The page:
She hated that everything always boiled down to gold coins. “Ah, but certainly, there’s got to be more to life than money.”
“Well said, if you have plenty.”
The last thing she wanted this evening was to get into a debate over dollars. Besides, she didn’t like to think of herself as having plenty, as he put it.
“Fine. I’ll capitulate. Life requires filthy lucre. There. Now if you’re happy, how about you remove a handsome amount out of the safe for me? I’m going to Texas.”
“What?” He grinned, and his snowy teeth glistened as white as any of her heroes’. “No. Millicent May. Texas is unruly, primitive. And there are wild Indians. You cannot.”
She glared. “Do not call me that, you know better.” Clearing her throat, she smoothed her hair, pushing up a curl, and willed herself calm and reserved. “And do not presume to tell me what I can—or cannot—do. Please.”
He lifted his brows and tucked his chin a bit, but only looked at her, didn’t speak.
“So why not?”
“Texas came into the Union as a slave state, ma’am.”
“What does that matter? It has nothing to do with anything.”
“And, you have a deadline looming. A manuscript to finish?”
“Oh, pshaw, I can write anywhere.” She picked up the newspaper, turned it upside-down to her, then pushed it toward him, touching it halfway down. “See what it says?”
He leaned over her desk. “Fillmore’s definitely an advocate.”
“Yes, of course, but that isn’t what I was talking about. Look there by my finger.”
He read the copy where she pointed. “What about Henry Buckmeyer?”
“Don’t you remember your daddy’s last letter?”
“Yes, ma’am. Are you speaking of him mentioning a Patty Buckmeyer whom he ran into some place up on the Red River. Jonesboro, if I remember. Said he’d known the man during the war.”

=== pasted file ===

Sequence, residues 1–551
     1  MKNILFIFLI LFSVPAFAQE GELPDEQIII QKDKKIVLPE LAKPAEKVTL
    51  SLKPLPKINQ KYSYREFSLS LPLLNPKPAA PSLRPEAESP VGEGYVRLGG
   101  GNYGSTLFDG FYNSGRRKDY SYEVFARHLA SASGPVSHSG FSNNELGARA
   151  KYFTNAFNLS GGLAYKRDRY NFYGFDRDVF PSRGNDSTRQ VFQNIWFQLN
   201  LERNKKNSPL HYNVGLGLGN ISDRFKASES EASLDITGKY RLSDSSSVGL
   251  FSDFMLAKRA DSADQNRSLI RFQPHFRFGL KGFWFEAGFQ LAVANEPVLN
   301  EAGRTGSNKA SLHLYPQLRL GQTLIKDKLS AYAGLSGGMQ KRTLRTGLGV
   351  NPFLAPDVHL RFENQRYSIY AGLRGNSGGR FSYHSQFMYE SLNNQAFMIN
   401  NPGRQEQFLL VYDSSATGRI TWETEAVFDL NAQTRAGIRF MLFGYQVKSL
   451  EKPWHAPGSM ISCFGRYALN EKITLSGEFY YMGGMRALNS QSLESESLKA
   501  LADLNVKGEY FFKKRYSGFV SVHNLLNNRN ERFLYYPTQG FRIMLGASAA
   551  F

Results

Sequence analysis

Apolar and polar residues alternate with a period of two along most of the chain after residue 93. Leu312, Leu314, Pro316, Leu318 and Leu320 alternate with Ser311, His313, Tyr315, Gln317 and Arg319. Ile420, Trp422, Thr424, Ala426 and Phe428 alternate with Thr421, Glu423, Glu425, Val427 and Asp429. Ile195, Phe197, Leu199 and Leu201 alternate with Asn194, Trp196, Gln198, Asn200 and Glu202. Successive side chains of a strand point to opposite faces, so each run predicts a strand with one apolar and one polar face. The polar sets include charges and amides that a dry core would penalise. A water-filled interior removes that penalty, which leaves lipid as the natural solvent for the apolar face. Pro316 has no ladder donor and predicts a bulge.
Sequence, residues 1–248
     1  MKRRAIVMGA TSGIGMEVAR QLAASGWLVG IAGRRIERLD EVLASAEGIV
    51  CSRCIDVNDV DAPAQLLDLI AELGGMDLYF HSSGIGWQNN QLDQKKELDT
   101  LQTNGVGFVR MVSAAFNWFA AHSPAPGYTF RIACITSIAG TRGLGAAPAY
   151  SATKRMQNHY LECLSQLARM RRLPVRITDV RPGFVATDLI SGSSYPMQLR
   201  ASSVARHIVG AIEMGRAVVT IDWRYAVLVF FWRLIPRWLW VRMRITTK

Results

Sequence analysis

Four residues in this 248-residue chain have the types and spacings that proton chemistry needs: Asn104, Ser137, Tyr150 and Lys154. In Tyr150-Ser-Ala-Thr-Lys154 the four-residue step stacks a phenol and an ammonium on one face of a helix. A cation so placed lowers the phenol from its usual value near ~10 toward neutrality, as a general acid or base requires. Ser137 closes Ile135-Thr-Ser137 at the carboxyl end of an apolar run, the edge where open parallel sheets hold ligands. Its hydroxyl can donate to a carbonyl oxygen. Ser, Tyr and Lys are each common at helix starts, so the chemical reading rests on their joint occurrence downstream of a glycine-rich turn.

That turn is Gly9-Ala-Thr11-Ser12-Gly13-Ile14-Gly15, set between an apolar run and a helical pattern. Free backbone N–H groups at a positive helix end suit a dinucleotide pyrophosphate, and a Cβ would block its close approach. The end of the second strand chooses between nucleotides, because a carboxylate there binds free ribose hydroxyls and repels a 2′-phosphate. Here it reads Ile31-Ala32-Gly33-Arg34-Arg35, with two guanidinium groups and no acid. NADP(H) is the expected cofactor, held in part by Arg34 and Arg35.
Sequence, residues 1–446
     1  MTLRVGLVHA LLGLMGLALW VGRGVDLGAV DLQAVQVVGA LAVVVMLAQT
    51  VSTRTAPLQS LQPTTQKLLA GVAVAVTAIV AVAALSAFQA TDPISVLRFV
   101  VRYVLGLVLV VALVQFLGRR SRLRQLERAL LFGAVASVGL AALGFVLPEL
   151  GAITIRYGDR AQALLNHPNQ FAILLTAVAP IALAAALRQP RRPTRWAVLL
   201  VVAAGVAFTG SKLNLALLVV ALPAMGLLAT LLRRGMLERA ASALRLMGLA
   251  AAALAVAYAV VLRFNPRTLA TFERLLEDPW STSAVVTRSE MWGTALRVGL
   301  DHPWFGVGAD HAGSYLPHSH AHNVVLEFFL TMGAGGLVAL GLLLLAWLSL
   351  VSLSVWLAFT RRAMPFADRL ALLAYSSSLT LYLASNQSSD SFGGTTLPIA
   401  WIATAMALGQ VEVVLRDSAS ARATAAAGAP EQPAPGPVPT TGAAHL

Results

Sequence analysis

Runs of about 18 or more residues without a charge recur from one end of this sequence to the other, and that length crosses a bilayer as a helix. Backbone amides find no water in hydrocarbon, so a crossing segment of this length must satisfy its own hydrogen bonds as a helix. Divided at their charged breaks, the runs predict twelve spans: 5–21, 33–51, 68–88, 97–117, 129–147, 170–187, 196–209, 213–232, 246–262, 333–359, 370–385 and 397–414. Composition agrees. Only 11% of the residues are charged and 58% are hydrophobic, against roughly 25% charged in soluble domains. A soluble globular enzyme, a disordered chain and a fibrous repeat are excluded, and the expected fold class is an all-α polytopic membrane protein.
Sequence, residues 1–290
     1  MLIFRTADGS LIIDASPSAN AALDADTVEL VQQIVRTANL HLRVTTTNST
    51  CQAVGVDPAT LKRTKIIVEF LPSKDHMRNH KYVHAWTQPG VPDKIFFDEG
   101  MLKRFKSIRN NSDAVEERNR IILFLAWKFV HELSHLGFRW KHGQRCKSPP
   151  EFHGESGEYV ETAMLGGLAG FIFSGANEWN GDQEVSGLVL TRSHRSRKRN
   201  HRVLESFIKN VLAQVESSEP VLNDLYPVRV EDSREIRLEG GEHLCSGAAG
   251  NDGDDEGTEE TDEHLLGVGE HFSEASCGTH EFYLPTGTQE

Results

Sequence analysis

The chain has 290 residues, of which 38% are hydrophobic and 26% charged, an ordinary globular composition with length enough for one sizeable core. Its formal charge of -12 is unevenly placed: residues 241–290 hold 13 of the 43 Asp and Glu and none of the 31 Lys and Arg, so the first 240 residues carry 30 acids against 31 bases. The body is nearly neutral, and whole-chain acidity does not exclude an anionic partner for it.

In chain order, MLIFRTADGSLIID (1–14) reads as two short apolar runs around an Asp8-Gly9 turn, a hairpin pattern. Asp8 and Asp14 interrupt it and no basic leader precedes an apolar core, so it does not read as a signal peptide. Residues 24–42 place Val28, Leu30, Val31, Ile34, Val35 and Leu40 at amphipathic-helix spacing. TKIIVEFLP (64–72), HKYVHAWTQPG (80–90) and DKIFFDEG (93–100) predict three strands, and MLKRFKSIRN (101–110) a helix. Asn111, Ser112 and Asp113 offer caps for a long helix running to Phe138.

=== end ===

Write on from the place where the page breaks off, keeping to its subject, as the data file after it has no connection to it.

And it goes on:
He shook his head. “Bound to be lots of Buckmeyers.”
She smiled, loved knowing something he didn’t. For a few sweet seconds, she savored the moment then puckered and nodded.
“Well, one Patrick Henry Buckmeyer fought the bloody British with Andrew Jackson at the Battle of New Orleans. The exact same place your daddy won his freedom in 1814. This Henry has got to be the same man.”
“Maybe, but Texas is still a slave state, ma’am.”
“I could care less, doesn’t matter one iota. I want us to go.”
He leaned back and closed his eyes. She considered jumping up and shaking him until he agreed, but she wouldn’t. She was too much a lady for such shenanigans, and he didn’t like to be touched.
Finally, he opened his eyes then leaned his nappy head all the way back until he faced the ceiling. “May, May, May.”
When he came back level, locking his eyes onto hers, he spread his full lips in what vaguely passed as a crooked smile. “Is there any argument that I might use to talk you out of this crazy idea?’
“No, not one. I am going, whether you join me or not. Are you? Will you? Please come along. It would be so hard without you.”
He put one fist on his hip, shook his head again, and exhaled a long slow breath. “Alright then, yes, ma’am. Shall I make the travel arrangements?”